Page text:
Tumor Type

Pancreatic Cancer - Ductal adenocarcinoma
Project Profile
Funding Organizations
Research Organizations
Research Activities
Publication Policy

1:   OICR Project Specific Moratorium HTML 
2:   ICGC Goals, Structure, Policies and Guidelines Section E.3 - Publication Policy HTML 
3:   Template Letters to Facilitate Communications HTML 
to ensure appropriate dialogue between data users and generators and for authors to contact ICGC members and editors
Clinic & Pathology

Canada: University Health Network
United States: Mayo Clinic
Massachusetts General Hospital
Dana-Farber Cancer Institute at Harvard Medical School
1:   Pancreatic Cancer Project Consent Form PDF 
2:   Pancreatic Cancer Project Patient Brochure PDF 
Sequencing & Analysis

Canada: Ontario Institute for Cancer Research
Complementary Studies

Canada: Ontario Institute for Cancer Research
University Health Network
United States: Mayo Clinic
Massachusetts General Hospital
Dana-Farber Cancer Institute at Harvard Medical School
Data Storage, Analysis & Management

Canada: Ontario Institute for Cancer Research
Project Summary

One in 75 men and women will be diagnosed with pancreatic ductal adenocarcinoma during their lifetime. Most will succumb to their disease within one year following diagnosis with an overall 5-year relative survival rate of only 5% - an outcome that has not appreciably changed since the 1970s. The vast majority (80% or greater) of pancreas cancer cases are diagnosed after the cancer has spread to regional lymph nodes or more distal metastases. Unlike many other cancers, PDAC has remained recalcitrant to advanced treatments with little benefit seen from new therapeutics and targeted strategies. Identifying the molecular mechanistic undercurrent behind the disease will provide opportunities for developing strategies for prevention, treatment and early detection of PDAC.

As a contributing member of the ICGC, the OICR will generate a comprehensive catalogue of genomic abnormalities found in pancreatic tumours. Our target is to collect the requisite 500 independent tumours and their matched controls and fully characterize 350 of these. The reduced number analyzed reflects a collaboration with the Australian teams in Sydney and Brisbane that are leading a parallel ICGC project targeting pancreatic cancer and who will analyze similar numbers (Drs. Sean Grimmond and Andrew Biankin). In order to ensure compliance with ICGC informed consent for large-scale sequencing, most samples will be collected prospectively with a few existing samples used for testing purposes only. In addition, we will establish xenografts from all samples in order to generate models for target validation and preclinical studies. Analyses will include whole genome sequencing of selected samples and for all samples: exome, whole transcriptome and miRNA sequencing; as well as structural and copy number variation determination. Complementary studies will include copy number determination using microarray technologies, DNA methylation analysis and functional studies using cell lines and xenografts.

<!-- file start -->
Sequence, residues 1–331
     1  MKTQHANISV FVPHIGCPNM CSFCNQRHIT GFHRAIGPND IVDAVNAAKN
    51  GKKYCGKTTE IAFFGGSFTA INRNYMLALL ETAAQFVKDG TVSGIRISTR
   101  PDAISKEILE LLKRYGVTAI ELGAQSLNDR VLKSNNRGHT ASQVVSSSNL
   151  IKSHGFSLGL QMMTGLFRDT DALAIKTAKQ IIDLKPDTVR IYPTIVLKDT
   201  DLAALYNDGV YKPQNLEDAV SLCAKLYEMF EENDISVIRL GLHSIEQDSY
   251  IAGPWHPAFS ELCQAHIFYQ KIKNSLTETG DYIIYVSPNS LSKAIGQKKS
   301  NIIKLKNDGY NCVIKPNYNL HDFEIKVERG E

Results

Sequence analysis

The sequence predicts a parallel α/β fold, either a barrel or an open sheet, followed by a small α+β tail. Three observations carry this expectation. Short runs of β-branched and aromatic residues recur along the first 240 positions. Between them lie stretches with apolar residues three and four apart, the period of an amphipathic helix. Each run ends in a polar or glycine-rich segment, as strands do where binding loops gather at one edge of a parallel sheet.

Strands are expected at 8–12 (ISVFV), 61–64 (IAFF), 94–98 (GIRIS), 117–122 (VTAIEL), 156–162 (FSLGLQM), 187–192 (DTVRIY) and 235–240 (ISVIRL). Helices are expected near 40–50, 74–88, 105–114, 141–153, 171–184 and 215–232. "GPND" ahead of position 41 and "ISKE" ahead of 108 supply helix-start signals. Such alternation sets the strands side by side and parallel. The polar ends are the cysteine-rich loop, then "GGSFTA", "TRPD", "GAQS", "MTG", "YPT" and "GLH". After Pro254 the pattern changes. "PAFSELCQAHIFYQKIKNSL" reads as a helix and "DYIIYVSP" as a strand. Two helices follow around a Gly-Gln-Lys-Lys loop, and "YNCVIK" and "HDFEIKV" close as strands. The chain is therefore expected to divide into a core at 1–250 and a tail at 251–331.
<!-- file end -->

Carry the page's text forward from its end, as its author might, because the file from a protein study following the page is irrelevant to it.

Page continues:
Sample acquisition will require the collaboration of multiple sites. The OICR has established collaborations locally, at the Mayo Clinic, Rochester, and with Harvard Medical School and Massachusetts General Hospital, Boston to meet this demand. Locally, Drs. Steven Gallinger, Ming-Sound Tsao and David Hedley, provide substantial expertise in pancreatic cancer pathology and etiology. Drs. Gloria Petersen and Debrabata Mukhopadhyay will lead the Mayo Clinic collaboration. Drs. Sarah Thayer, Lynda Chin and Ron DePinho are coordinating collaborative efforts at the Boston-area Hospitals.

Principal Investigators

• John D. McPherson, Ph.D.
• Thomas Hudson, M.D.
• Lincoln Stein, M.D., Ph.D.

Lead Jurisdiction